From today onwards we are taking a new approach we will call it the New Paradigm, it should actually be called the old paradigm as we will do business the way it should be done in Africa. A new paradigm is a new way of thinking or doing things that replaces the old way. But because South Africa is regressing to a less developed state what is old is new. That means replacing the expensive Eurocentric ways that keep most entrepreneurs from earning a living in modern South Africa. Yes, that’s right are going to wake up to the reality that we are operating in a poor African country.
In the last few years, we tried many things, often tiptoeing around the elephant in the room: South Africa’s poor education system. A system so poor that graduates with degrees are begging at the robots for work, despite 15+ years of primary, secondary, and tertiary education they are still unable to help themselves eke out a living while others sit on Twitter and complain how they have forgotten what they have learnt. We started with very basic ideas to start for < R1000 and people still asked about “training” unable even to help themselves and grasp the basic research required to do rudimentary things. Then we went to step-by-step guides that people still couldn’t follow. I said in my last sermon that we will not be doing basic ideas anymore and that SA’s education system first needs to be fixed but I can’t see that happening unless we overthrow the government. So we are going back to our roots again: helping people who want to help themselves.
We are going to be inspired not by dream worlds like Silicon Valley but by projects that worked in poor African countries such as Appropriate technology – a movement (and its manifestations) encompassing technological choice and application that is small-scale, affordable by locals, decentralised, labor-intensive, energy-efficient, environmentally sound, and locally autonomous as well as other concepts that suit a majority poor country. I will be moving in the opposite direction that most “innovators” in SA are going, we need to devolve with the country not go against the grain. How can we work with complex machinery when we don’t have reliable electricity? This means one thing: there will be a lot of hard work and manual labour involved so people allergic to those should stop reading and close the page.
We will be taking a different approach to usual, instead of business ideas we will be looking at business opportunities that can be acted on right now. As you know we always look at solutions aimed at the man in the street, with as little capital as possible. Put those R350’s away. The opportunities are coming. We are going to try at least. We will only look at pockets of opportunities (with little similar competition) and solve the chicken and egg problem by providing linkages for supply and demand.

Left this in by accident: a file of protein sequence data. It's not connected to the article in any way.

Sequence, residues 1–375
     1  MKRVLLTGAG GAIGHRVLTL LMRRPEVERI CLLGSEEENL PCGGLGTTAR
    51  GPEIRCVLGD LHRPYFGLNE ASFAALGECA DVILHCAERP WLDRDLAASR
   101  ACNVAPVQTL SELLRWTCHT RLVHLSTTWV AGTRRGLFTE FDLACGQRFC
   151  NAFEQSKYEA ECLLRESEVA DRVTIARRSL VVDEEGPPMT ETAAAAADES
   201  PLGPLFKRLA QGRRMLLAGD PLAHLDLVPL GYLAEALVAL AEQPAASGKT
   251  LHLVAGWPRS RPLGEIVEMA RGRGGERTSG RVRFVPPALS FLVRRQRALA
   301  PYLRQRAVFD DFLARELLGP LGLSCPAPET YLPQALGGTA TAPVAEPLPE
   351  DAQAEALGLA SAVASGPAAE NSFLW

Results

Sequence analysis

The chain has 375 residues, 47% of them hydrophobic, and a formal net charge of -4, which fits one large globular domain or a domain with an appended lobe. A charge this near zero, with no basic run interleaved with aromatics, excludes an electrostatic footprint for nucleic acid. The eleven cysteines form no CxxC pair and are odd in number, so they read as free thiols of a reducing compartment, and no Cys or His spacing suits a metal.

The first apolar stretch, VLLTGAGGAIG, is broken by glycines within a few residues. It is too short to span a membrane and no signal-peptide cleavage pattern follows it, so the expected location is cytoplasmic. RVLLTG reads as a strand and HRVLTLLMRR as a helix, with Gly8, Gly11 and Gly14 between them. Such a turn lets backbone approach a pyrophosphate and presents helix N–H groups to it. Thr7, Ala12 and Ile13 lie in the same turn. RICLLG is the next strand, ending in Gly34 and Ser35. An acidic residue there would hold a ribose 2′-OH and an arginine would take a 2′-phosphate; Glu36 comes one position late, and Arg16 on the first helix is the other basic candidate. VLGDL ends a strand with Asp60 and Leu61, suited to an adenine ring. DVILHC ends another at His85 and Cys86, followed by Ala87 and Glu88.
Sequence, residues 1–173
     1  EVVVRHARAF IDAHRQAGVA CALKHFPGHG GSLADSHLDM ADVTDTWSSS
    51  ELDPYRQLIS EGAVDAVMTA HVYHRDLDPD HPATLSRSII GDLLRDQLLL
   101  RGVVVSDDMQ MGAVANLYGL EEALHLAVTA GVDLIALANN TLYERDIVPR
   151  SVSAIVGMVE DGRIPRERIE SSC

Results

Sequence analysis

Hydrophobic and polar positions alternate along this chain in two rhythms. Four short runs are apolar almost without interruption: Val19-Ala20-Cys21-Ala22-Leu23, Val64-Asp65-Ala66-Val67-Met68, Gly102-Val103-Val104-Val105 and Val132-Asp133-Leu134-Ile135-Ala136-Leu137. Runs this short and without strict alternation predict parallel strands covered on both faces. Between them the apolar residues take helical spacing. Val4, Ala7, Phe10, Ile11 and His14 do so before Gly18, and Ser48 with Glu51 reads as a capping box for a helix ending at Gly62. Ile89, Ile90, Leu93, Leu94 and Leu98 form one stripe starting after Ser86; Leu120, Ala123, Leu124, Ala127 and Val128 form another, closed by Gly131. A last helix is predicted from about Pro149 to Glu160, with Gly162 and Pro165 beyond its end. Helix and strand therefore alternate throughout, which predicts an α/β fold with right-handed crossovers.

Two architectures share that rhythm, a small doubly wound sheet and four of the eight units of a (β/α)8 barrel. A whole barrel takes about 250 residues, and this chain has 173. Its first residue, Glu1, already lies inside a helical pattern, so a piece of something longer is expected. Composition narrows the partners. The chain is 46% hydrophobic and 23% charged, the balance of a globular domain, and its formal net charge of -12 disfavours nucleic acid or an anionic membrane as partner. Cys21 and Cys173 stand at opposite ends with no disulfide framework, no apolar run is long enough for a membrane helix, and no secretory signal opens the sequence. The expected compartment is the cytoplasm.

We will be looking at small business opportunities that are quick and simple to execute. These businesses will be simple and require mostly common sense. If you are struggling to grasp it (even after research) then maybe it is not for you.
Forget everything you were told, forget about business plans, forget about focussing on one thing, forget thinking about finance, forget about thinking big, forget dreams (at least for now), just act based on your gut. Most opportunities will be easy enough to figure out on your own if it’s not then it’s not for you, if it’s too far away (or too expensive to ship) then it’s not for you.
Don’t worry about registering a business or taxes or separate bank accounts or red tape or waiting till everything is *just* right just do it, stop trying to operate like you in Europe this is Africa. Stop trying to be clever and overthink that is why the foreigners from poor African countries come here and beat the locals they are operating like they are in Africa. South Africans are not. South Africa is approaching an iceberg, stop trying to rearrange deck chairs. Just do it.